April 28th: “After the Movie”

After the Movie
by Marie Howe

My friend Michael and I are walking home arguing about the movie.
He says that he believes a person can love someone
and still be able to murder that person.

I say, No, that’s not love. That’s attachment.
Michael says, No, that’s love. You can love someone, then come to a day

when you’re forced to think “it’s him or me”
think “me” and kill him.

I say, Then it’s not love anymore.
Michael says, It was love up to then though.

I say, Maybe we mean different things by the same word.
Michael says, Humans are complicated: love can exist even in the murderous heart.

I say that what he might mean by love is desire.
Love is not a feeling, I say. And Michael says, Then what is it?

We’re walking along West 16th Street—a clear unclouded night—and I hear my voice
repeating what I used to say to my husband: Love is action, I used to say to him.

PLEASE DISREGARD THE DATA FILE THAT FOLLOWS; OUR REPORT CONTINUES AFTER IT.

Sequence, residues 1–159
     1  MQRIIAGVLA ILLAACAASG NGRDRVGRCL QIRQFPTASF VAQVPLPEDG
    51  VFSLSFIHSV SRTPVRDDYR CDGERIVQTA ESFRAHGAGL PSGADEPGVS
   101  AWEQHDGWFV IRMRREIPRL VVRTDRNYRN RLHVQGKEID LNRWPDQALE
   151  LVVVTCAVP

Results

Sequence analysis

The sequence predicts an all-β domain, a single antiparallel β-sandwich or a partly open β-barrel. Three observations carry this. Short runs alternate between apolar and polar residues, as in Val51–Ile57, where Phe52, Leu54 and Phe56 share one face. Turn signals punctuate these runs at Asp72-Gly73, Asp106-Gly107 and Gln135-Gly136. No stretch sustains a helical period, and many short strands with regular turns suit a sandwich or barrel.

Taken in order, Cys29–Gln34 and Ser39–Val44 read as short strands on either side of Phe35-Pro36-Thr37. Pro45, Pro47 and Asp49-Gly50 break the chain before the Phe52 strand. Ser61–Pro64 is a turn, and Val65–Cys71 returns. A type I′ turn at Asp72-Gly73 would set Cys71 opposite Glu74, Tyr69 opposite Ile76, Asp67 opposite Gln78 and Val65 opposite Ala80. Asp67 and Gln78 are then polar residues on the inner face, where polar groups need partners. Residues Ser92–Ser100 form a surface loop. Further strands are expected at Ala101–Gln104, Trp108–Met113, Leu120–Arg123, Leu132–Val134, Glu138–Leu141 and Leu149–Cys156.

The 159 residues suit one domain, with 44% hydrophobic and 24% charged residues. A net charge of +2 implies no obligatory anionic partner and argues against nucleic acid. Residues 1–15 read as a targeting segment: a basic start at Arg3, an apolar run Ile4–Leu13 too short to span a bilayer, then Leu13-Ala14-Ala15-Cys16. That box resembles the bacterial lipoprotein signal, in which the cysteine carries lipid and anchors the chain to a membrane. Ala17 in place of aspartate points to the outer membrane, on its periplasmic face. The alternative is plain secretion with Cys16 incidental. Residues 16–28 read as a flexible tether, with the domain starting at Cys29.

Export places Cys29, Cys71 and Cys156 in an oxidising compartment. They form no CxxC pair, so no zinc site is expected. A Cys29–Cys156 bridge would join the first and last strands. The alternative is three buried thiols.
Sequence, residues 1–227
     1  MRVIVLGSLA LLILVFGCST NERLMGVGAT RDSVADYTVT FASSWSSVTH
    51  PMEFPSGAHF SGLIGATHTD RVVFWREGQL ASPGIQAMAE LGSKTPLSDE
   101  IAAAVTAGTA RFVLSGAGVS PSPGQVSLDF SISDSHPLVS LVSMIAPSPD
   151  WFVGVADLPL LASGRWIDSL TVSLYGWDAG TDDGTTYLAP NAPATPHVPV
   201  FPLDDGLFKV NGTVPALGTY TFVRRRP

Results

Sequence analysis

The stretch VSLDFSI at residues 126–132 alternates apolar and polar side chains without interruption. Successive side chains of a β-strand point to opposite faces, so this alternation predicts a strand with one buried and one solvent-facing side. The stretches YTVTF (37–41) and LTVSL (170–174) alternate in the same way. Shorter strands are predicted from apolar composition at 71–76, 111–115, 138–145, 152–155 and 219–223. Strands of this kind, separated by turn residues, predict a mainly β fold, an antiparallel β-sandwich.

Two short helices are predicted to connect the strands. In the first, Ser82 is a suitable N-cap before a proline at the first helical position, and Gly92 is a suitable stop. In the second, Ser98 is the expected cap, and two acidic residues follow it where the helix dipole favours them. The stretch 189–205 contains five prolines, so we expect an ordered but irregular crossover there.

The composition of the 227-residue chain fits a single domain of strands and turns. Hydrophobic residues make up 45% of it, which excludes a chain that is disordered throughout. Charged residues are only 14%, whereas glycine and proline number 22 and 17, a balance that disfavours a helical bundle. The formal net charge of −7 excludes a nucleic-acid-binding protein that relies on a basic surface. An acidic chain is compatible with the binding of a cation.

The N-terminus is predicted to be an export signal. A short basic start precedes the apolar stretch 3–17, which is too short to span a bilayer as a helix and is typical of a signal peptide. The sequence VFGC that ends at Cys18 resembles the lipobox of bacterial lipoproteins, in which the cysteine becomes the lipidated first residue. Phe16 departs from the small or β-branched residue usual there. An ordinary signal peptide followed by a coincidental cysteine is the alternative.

Simone Weil says that when you really love you are able to look at someone you want to eat and not eat them.

Janis Joplin says, take another little piece of my heart now baby.

Meister Eckhardt says that as long as we love images we are doomed to live in purgatory.

Michael and I stand on the corner of 6th Avenue saying goodnight.
I can’t drink enough of the tangerine spritzer I’ve just bought—

again and again I bring the cold can to my mouth and suck the stuff from
the hole the flip top made.

What are you doing tomorrow? Michael says.
But what I think he’s saying is “You are too strict. You are a nun.”

Then I think, Do I love Michael enough to allow him to think these things of me even if he’s not thinking them?

Above Manhattan, the moon wanes, and the sky turns clearer and colder.
Although the days, after the solstice, have started to lengthen,

we both know the winter has only begun.

###

Isn’t this great? I just discovered it today. I apologize for the crummy formatting–if you want to see more clearly where the line breaks go, you can read it here–thanks Ursula for directing me to the site!

The question the narrator and Michael are debating is something I wrestle with as a romance writer. In the end, is love a feeling or an action? I’ve definitely said, “Well, he thought he loved her, but if he could do that to her, then it wasn’t really love.”